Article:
A striking parallel to all this is found in the church of the western world. Over the last two hundred years the truth has been progressively dismantled by those whose duty it was and is to maintain it, come what may. The Bible has been reduced to a book like any other, containing some important facts and useful insights, but no longer the inspired and inerrant word of God. Just as the absoluteness of revealed truth is now nonsense, so the transcendence of a triune Godhead is now an unnecessary notion. God is only immanent, personally present in every one and in every thing, and in any and every object of worship. Far from being immutable, he is in process of becoming more like what 'a god like us' ought to be, just as we are to become more like what human beings ought to be. Jesus shows us how to do that by his awareness of and dependence upon God, which we are to copy.

There is no need for regeneration and no need for atonement. Justification is a fiction and sanctification is moral improvement. Salvation is by means of works. Morality is living in love and not conforming to righteous demands. Fornication, adultery, and divorce are justified along with same-sex unions. Life, the life of the unborn and the terminally ill, is cheap. Partial–birth abortions are justified in terms of a woman's rights over her own body, and an assisted death by the name of human dignity. This is the only life that exists. There is no hell to shun, not even by the impenitent, and no heaven to strive for. The emphasis in the church is on the visual, not the verbal; the earthly, not the heavenly; the physical or the psychological, not the spiritual; on man, not God.

All this has been urged in terms of making Christianity easier to accept by the man in the street, the factory, or the university. In that respect it has failed most manifestly and miserably. All it has succeeded in doing is emptying churches, making Christianity an object of public ridicule and causing offence to God. Liberalism has been the high road to uselessness and irrelevance. 'Like a trampled spring and a polluted well, so is a righteous man who gives way before the wicked' (Prov. 25:26). A line should have been drawn in the sand; instead, territory has been conceded to the world, time and time again. 'Who is on the Lord's side?' (Exod.32: 26) is an urgent question for today.

Validating the Covenant with Levi

Malachi is a figure of major importance in the Old Testament in relation to the covenant. Just as Samuel related to Moses by maintaining the covenant which he had inaugurated when it was under threat, so Malachi related to Ezra, who had re-established the covenant after the return from exile in Babylon (Neh. 8:7). Malachi ministered between the two visits of Nehemiah to Jerusalem, at a time when the movement for reform seemed to stand still and there was even a danger of reverting to the sins which had caused the Exile. Having lamented the demise of the teaching priest, he took on his mantle, reviewing the past and evaluating his own times in the light of God's covenant demands.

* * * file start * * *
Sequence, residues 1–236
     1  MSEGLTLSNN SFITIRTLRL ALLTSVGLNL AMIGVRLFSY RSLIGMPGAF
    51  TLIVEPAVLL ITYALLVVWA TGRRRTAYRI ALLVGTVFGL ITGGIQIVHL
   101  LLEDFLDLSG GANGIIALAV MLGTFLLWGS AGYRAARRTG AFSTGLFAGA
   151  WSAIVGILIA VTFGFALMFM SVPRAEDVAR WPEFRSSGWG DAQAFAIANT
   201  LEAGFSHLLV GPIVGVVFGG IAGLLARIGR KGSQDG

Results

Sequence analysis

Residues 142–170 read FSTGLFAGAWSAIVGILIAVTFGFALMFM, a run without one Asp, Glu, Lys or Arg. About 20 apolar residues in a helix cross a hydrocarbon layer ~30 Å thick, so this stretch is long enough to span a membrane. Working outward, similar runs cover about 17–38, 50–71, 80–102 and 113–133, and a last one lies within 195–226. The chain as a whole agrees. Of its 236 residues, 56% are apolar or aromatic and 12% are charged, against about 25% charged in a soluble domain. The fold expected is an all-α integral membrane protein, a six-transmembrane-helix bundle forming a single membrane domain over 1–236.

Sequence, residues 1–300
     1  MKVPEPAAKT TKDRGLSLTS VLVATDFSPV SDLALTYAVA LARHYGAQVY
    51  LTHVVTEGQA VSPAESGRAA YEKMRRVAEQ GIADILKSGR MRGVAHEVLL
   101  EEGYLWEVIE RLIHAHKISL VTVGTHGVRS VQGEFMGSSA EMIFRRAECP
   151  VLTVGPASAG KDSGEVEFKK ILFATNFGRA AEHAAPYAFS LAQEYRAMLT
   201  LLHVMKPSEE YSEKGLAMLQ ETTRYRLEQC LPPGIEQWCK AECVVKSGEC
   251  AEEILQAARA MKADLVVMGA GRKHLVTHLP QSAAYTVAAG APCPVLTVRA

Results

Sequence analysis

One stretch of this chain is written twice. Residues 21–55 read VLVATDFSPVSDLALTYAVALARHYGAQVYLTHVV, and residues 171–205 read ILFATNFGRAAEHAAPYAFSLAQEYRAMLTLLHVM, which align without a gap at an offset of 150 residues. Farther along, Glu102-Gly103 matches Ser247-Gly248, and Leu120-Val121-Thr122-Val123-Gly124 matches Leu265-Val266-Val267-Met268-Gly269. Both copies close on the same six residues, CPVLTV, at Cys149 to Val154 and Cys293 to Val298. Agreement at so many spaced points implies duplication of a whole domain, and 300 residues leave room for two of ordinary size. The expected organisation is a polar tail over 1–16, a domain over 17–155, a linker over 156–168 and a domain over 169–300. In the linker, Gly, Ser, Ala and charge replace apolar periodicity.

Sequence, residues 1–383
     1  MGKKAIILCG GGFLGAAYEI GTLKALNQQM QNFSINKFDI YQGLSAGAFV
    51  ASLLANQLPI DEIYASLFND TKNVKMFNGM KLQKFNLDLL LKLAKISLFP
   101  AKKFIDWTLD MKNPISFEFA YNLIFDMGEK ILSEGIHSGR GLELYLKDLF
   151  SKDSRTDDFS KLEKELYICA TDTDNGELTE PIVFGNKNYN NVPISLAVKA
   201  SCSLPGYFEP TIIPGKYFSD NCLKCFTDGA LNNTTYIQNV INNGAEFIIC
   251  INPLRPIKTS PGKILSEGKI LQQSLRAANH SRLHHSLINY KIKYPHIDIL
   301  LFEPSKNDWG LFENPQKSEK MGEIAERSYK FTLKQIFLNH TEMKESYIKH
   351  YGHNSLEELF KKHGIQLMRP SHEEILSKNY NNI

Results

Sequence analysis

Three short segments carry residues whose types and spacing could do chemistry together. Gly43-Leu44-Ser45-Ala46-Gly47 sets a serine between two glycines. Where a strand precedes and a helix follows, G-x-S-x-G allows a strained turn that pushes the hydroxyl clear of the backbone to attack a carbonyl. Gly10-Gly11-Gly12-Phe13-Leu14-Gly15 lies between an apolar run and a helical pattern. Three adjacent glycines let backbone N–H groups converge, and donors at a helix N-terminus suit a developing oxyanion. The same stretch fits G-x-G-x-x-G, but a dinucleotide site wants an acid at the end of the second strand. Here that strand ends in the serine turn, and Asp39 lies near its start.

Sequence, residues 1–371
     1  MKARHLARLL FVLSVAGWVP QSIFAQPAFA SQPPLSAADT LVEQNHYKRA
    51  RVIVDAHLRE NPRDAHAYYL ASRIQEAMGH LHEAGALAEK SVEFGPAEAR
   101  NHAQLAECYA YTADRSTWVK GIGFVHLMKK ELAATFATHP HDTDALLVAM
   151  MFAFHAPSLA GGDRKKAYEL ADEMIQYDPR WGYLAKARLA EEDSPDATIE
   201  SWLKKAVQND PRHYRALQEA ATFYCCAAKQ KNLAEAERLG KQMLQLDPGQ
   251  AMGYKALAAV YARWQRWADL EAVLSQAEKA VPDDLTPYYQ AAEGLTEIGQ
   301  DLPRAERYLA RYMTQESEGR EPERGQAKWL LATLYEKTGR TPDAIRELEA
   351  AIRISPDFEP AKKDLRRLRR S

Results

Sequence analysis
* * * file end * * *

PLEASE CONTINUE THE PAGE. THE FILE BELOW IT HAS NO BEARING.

But he was also given to predict (see 2:4) that God would validate the covenant with Levi which men had violated. He described its ministry in these words: 'The law of truth was in his mouth and injustice was not found on his lips. He walked with me in peace and equity and turned many from iniquity.'

Malachi saw the true Levite as one who spoke for God, walked with God and turned many to God and, in measure, he discharged that role himself. Those three aspects are rich seams of biblical teaching. The apostle John wrote about the truth, walking in truth and laboring for or with the truth (2 John 1-2; 3 John :8).

But it was not Nehemiah's return to Jerusalem that Malachi was looking for as a validation of the covenant, or even for a prophet like Elijah (4:5). He was looking for the coming of the greatest Levite, the messenger of the covenant (3:1) who would bring into existence purged and consecrated Levites, that is, gospel preachers (3:2).

The magnificent words which Malachi used therefore describe the Lord Jesus Christ and his servants who proclaim the truth of God. They are, perhaps, the most wonderful description in the Bible of the preacher of God's good news, even though they are found in the Old Testament. John Bunyan seemed to think so. In Interpreter's house, Christian was shown a portrait of a serious man who 'had eyes lifted up to heaven, the best of books in his hand, the law of truth was written upon his lips, the world was behind his back. [He] stood as if he pleaded with men and a crown of gold did hang over his head.'

Why did God validate in the fifth century BC what men had violated? Surely it was because the Messiah was to come, the first Christian millennium to dawn. Even with the visible church in appalling decline at that time, the Messiah had been announced and he himself had promised to come. And he did! The coming of the Lord Jesus Christ, as God's faithful witness to the Jews, was proof that the covenant with Levi had been validated.

Equally, the raising up of a long line of preachers of that same truth in the two millennia of the church's history, and often against the background of the church's apostasy and the defection of her ministry, prove the same thing. This is the story of the last two hundred years or so, and there are men who uphold truth in a day of apostasy, ignorance and paganism. The covenant with Levi has not been destroyed. May we not therefore hope in God that the messenger of the covenant will come to his temple again? That was the assurance that the martyr Thomas (Little) Bilney was given in answer to his prayer that God would come to the assistance of the church. He rose from prayer with the exclamation: “A new time is beginning. The Christian assembly is about to be renewed… Someone is coming unto us, I see him, I hear him – it is Jesus Christ… He is the king, and it is He who will call the true ministers commissioned to evangelize His people.”